We live in such a competitive society that winning is everything to some people. I’ve watched reality shows where the contestants really don’t seem to care about the prize; they only seem to want that validation of winning.  

It seems to me that the person who really won the game is the one who got the most out of playing it!

Monday, June 14, 2010


 I was in another teacher’s class at a local high school during the weekly pledge of allegiance and national anthem. It is only said on Mondays at our district now. My attention was drawn to counting. Out of 20 students in the classroom, only four stood. Four. One fifth.

I looked around at their faces and postures. It was clear that it wasn’t their religions that kept them seated. Didn’t appear to be defiance, either. It was apathy. They just didn’t care.

A few short years ago, when our country was attacked, flags flew everywhere. These children wouldn’t remember, but still—what fickle people we are. Does this mean that our country is only great when we are victims?

I deeply admire the one-fifth who stood. It isn’t easy being the non-conformist, least of all when you’re a teenager.

My district has its own high school for children who couldn’t make it in other schools. Last time I was there on pledge of allegiance day, I looked around at the slouching. What gets me is that a lot of these kids join the military. I told them that. I asked them how they’d feel knowing that people back home weren’t even willing to stand for the flag they were risking their lives for. One boy said, “Hey, that’s right. I’m going into the army.” And he stood. Then another stood, and another. And they all stood. All of them.

I felt a surge of pride. Mistakes? Sure. But the beauty is that we’re here because of mistakes that happened before we got here; we’re set up to learn from them. Give us your huddled masses…and we will give them a chance. In all things human, apathy is one of the greatest enemies. And respect is the key to success.

Today I will stand up for our flag. Even if I stand alone, it’s nothing compared to what others have done for me so that I might have the privilege of living beneath it. Happy Flag Day.

The world is a dangerous place to live, not because of the people who are evil, but because of the people who don’t do anything about it.” ~Albert Einstein

Friday, June 11, 2010

Yook at de Widdum Bee Bee Bun Bun!

My daughter is a composed, serious-minded girl. And yet, when we see one of the bunnies feasting on the (many) weeds surrounding our patio, both of us let out ear-splitting squeals of delight. I wonder what it is about a baby bunny that makes our voices rise in pitch and compels us to talk baby talk? I never spoke baby talk to my children. In any other situation, it sort of makes my skin crawl. And yet, here I am speaking the most disgusting baby talk ever.

But him is so coot!!! Barely bigger than a hamster, he would just fit into the cup of our hands. And odd that we both have the most curious urge to fit him into our hands—to scoop him up and feel his soft fur. I guess it’s some sort of natural adaptation that gives him a chance to grow into a big, mean bunny who can join the bunny gangs in our yard and spend his days tormenting our dog.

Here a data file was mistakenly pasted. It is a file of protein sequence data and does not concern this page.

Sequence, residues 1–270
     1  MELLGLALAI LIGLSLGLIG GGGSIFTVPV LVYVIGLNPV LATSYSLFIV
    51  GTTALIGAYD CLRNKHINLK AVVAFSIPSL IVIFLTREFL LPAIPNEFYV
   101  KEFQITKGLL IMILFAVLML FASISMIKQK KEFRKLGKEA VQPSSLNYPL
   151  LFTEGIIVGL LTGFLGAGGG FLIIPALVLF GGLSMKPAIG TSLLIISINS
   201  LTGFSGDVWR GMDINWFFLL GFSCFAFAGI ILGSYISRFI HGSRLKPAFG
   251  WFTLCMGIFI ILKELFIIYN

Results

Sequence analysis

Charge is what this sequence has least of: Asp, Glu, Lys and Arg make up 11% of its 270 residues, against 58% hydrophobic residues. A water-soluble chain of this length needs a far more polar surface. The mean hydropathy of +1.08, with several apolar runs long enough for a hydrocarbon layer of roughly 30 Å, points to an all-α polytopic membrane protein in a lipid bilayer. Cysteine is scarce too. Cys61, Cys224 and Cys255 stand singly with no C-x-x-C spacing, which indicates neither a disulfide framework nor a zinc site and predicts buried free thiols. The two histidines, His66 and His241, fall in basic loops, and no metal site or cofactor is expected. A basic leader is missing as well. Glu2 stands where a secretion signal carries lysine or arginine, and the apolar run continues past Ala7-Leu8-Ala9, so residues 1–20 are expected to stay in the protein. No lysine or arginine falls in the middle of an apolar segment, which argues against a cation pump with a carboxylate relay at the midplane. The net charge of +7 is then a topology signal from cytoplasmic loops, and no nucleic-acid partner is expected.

This baby bunny is smart, though. He runs when he sees us. If he knew we only wanted to pet him rather than eat him, would he run?

My guess is he’d run faster. From the baby talk.

“Tell me—like you done before….About the rabbits….Please, George.” ~Lennie in Of Mice and Men by John Steinbeck

Tuesday, June 8, 2010

Totally Random Tuesday-Summer

Winter twilight promises only that the day is over. Summer twilight promises that the night is about to begin.

This picture may not have been taken at twilight, but it is a random picture of brugmansia 'Ecuador Pink' which also happens to release its haunting summer fragrance at night.

Saturday, June 5, 2010

A Head Held High

I’ve had several friends who’ve had breast cancer. So I can’t help but wonder how I’d handle the hair loss issue if my turn came.

One friend has Facebook contests modeling different wigs. Some are pretty outrageous. People vote on which one she will wear for the week. So far no one has voted on the hot pink one, but if they ever do, no question she will wear it.

I’ve always thought I would like to go au naturelle. Why hide? It seems ridiculous in ways to wear fake hair. The thing is, though, I would never have the guts. Not to mention how horrible I’d look bald. Shoot, I often don’t like how I look with hair.

Then the other day, for the first time in my life, I saw someone do it. I was walking through the hall at school, and a spunky home ec teacher was practically bouncing along, making eye contact with everyone, absolutely daring them to admire her beautifully bald head. Her message was clear: I have cancer and I AM NOT GOING TO HIDE.

I didn’t have a chance to introduce myself and tell her how I felt, so I gave her my biggest grin that I hope conveyed every ounce of the admiration I feel. And what’s more, she does look beautiful. Truly. If I told her that, would she believe me? I believe she would. More than beautiful, she looks like an amazing woman who isn’t afraid of a fight.

Go, girl. Win. We are cheering for you.

Courage is not the absence of fear, but rather the judgment that something else is more important than fear. ~Ambrose Redmoon

Tuesday, June 1, 2010

Totally Random Tuesday for the Birds

                                Do hummingbirds get diabetes?